The Panel has indicated a number of situations where presumptions (1) and (2) may be rebutted, including with respect to joint venture structures and government-owned entities. However, the Panel should be consulted in each case. Unless there is compelling evidence to the contrary, the absence of a relationship beyond being a passive shareholder, or a lack of knowledge of another's positions or intentions, is unlikely to lead to an upfront rebuttal of the new presumptions.


The following basic examples show how presumptions (1) and (2) work. The Panel's Response Statement (RS 2022/2) sets out some detailed examples showing how the new presumptions would apply in different scenarios.

  1. Diagram 1 illustrates the companies that would be subject to new presumption (1) by virtue of an interest in a company's shares carrying voting rights. Under new presumption (1), X would be presumed to be acting in concert with AandB (as percentage interests do not dilute through a chain of ownership).
  2. Diagram 2 illustrates the companies that would be subject to new presumption (2) by virtue of an interest in a company's equity share capital. Under new presumption (2), X would be presumed to be acting in concert with Abut notB (as B's indirect holding of X would be diluted through the chain of ownership to 9% (i.e. 30% multiplied by 30%)).


2. Key changes affecting funds, limited partnerships and fund investors

Application of presumption (1) and (2)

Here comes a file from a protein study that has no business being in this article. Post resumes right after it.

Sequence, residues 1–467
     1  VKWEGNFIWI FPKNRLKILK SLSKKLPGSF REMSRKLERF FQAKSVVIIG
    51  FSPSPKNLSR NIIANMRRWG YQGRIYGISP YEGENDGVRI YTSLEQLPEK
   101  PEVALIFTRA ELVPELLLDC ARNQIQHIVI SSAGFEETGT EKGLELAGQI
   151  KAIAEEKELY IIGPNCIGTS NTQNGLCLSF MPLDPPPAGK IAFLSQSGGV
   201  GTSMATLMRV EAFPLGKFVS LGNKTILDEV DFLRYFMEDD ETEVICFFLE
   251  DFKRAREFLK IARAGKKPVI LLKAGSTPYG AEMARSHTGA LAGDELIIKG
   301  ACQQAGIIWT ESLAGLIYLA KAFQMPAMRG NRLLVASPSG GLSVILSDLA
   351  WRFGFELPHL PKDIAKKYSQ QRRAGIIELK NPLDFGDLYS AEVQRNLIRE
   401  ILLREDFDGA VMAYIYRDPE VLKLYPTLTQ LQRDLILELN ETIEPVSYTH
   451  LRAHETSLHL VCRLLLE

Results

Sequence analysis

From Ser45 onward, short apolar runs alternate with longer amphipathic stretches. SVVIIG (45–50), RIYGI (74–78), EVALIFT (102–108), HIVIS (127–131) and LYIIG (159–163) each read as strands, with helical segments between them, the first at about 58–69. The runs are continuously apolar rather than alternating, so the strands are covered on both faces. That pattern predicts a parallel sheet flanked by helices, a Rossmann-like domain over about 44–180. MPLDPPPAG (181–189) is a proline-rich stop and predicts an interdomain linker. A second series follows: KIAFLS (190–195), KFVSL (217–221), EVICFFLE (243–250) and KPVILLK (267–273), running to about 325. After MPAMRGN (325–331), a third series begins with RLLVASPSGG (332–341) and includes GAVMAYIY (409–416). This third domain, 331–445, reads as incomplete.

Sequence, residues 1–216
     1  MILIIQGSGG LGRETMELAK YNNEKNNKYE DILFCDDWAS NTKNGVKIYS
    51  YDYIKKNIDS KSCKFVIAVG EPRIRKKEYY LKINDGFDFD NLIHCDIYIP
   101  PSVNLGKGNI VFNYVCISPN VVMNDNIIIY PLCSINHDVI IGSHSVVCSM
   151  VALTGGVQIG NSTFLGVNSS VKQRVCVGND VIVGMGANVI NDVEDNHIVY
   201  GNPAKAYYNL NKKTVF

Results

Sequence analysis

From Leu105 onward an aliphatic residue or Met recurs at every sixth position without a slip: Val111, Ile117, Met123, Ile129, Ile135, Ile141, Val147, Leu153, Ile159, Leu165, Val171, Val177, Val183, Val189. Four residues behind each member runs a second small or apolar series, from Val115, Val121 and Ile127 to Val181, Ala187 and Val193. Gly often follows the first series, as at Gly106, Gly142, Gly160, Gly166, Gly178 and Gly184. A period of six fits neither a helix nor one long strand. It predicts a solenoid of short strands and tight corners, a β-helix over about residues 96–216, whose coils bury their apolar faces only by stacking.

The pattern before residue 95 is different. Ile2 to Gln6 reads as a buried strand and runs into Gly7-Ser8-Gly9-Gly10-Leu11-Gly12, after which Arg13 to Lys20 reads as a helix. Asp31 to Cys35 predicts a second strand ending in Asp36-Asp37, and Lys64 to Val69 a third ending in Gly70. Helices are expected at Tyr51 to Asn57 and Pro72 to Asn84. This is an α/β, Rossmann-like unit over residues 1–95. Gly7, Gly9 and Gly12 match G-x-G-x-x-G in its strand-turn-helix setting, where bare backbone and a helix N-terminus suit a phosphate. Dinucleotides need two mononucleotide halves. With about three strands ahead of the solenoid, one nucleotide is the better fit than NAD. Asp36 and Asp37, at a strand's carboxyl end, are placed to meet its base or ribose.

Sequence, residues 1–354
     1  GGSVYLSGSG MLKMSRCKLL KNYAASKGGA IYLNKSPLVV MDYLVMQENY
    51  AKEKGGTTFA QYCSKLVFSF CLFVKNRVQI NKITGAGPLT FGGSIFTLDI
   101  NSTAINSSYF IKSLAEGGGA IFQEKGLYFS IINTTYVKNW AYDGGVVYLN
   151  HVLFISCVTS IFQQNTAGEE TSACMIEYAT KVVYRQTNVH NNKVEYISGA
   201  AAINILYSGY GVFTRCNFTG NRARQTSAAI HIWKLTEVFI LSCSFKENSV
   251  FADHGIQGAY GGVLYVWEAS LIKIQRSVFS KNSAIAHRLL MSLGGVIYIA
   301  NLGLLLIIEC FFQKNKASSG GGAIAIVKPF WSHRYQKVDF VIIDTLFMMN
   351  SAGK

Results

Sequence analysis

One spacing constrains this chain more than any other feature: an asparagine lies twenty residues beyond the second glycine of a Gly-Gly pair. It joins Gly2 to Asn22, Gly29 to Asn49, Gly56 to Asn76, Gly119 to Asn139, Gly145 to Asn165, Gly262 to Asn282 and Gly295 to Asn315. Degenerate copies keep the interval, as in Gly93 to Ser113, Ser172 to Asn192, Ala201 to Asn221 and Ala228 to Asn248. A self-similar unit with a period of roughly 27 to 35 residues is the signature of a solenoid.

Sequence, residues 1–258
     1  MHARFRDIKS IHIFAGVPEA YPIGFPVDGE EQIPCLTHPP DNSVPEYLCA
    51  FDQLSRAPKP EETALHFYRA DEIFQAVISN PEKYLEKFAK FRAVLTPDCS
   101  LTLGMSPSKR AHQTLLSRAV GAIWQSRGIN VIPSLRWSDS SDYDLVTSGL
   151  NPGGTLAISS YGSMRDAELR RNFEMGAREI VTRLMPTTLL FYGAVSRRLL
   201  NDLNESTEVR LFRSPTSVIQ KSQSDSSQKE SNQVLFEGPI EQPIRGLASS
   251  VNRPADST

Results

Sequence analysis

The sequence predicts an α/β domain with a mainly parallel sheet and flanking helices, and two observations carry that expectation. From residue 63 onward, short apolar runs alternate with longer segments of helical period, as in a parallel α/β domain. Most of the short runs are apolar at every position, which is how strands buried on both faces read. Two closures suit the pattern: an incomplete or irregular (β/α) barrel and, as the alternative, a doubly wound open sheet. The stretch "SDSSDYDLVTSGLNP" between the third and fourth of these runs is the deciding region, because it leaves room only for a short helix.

The Panel has confirmed that it will treat funds consistently with companies, with new presumptions (1) and (2) applying to a limited partnership interest in a fund (and therefore impacting investors in a fund) in the same way as non-voting equity share capital in a company.

Accordingly, where (a) a fund invests in a new "Bidco" formed for the purpose of making an offer or (b) acquires an interest in a Code company's shares, new presumptions (1) and (2) apply so as to presume (if the tests are met) an investor in that fund to be acting in concert with that newly formed Bidco or the fund itself, respectively.

However, in a scenario that does not involve an investment in a newly formed Bidco, the requirement to aggregate potentially multiple indirect interests (together with direct interests) is simplified as indirect interests in a fund or company will only be required to be aggregated (together with direct interests) where each link in the chain of interests represents 30% or more of the relevant fund's limited partnership interests or relevant company's equity share capital (as applicable).

New presumption (5)

An investment manager or investment adviser to an offeror, an investor in a new Bidco (formed for the purposes of making an offer) or the offeree, are presumed to be acting in concert with the offeror or offeree (as appropriate), together with any person controlling or controlled by or under the same control as that investment manager or investment adviser.